|Chiping - Course: Technique for Manual Working of Materials. Trainees' Handbook of Lessons|
Main tools are chisels of various kinds. They are made of unalloyed tool steel carbon content (0.9 %). The cutting part is hammered, hardened, ground and tempered (HRC 48). The head of the chisel is unhardened, chamfered towards the upper end and rounded.
Chisels are chosen according to the respective task as well as hardness of material of the workpiece:
- Flat chisel
Most common chisel for separating and chipping with straight, broad cutting edge.
- Round chisel
Special chisel for chiselling out big holes or separating curved forms. This chisel has an arched cutting edge.
- Cross-cut chisel
Chisel for chiselling out horizontal grooves or for separating webs in boring lines. The cutting edge is across the width of the chisel, the side surfaces are hollow-ground.
- Shear tool
Chisel for shearing sheet metal. It has a straight, broad cutting edge which is at level with one flank and the shank of the chisel.
- Grooving chisel
Chisel for chiselling out grooves in special workpieces (bearing shells). The cutting edge of the chisel is across the shank, the arched back corresponds to the arched forms.
- Cut-out tool
Chisel for cutting out webs with boring lines and drilled deep-holes.
The two cutting edges are hollow-ground; the flanks are relief-ground in order to avoid jamming.
- Hollow punch
Chisel with circular cutting edge for chiselling out holes in thin or soft materials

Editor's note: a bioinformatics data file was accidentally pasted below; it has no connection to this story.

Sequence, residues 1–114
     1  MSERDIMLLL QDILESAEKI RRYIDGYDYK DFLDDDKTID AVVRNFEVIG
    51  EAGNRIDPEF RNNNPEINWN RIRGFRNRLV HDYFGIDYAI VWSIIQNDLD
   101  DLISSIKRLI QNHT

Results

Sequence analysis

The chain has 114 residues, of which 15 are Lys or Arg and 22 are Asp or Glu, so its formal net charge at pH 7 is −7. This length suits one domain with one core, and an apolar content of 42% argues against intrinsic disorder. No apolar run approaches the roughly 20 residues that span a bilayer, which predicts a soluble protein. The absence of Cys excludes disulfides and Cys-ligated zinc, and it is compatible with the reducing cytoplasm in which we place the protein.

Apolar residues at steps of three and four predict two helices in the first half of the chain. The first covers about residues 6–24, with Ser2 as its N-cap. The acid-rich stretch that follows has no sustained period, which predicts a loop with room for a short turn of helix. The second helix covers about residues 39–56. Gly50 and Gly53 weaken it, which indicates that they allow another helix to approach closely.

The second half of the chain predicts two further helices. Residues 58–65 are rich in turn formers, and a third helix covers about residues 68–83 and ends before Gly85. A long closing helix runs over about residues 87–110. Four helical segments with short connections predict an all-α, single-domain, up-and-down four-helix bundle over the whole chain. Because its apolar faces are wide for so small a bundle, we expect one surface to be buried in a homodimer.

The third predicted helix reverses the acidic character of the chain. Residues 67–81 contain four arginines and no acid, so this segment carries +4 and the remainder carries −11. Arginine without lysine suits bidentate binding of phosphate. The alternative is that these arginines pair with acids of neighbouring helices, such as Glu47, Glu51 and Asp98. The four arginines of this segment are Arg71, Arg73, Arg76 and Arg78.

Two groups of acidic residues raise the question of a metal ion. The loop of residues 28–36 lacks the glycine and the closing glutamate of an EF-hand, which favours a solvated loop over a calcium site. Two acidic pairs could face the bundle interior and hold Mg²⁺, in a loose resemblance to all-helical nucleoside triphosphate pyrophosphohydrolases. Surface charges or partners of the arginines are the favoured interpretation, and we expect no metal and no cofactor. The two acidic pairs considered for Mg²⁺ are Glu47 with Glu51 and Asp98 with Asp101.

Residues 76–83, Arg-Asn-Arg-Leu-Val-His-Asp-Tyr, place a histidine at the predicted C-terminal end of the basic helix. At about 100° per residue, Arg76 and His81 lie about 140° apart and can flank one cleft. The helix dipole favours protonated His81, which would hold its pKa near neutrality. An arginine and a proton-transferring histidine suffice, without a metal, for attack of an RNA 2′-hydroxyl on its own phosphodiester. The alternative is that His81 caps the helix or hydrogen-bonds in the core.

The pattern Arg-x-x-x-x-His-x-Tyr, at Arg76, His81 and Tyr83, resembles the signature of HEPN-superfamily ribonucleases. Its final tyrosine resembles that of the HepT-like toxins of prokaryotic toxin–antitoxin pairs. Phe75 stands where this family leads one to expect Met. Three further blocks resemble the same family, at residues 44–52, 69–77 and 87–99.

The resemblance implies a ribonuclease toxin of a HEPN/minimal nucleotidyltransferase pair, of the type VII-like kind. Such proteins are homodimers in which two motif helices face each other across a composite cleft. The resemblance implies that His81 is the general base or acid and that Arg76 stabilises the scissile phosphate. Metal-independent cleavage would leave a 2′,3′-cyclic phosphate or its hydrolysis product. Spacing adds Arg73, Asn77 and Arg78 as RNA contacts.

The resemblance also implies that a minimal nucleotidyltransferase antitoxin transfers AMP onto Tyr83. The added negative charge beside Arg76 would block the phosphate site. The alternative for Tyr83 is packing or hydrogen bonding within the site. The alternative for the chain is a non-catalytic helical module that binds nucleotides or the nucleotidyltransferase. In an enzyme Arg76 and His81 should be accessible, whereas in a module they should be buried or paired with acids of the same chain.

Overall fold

The following recommended values apply to the selection of chisels according to the hardness of material:
Constitution of the material
30° - 50°
medium hard (steel)
hard (tool steel)
60° - 70°
When is the technique of chipping
What material are chisels made
What aspects have to be considered in choosing
When do you use a flat
When do you use a cross-cut
What cutting-wedge angle shall the cutting edges have for
working medium hard
Mostly, hand hammers are used (weight: 400 g); as a general rule:
The hammer should be twice as heavy as the chisel.
For absorbing the beating effect, these should be unhardened: steel plates, steel blocks.
If the anvil is used, an unhardened intermediate plate is required; when working with the hollow punch, use a wooden support.
Marking-out tables and surface plates must not be used - the chisel edge causes damage that destroys the even surfaces of the plates.
If possible, use a collet vice for clamping smaller parts and work against a rigid counter-support.
Always beat against the fixed jaw of the vice in order to go easy on the screw.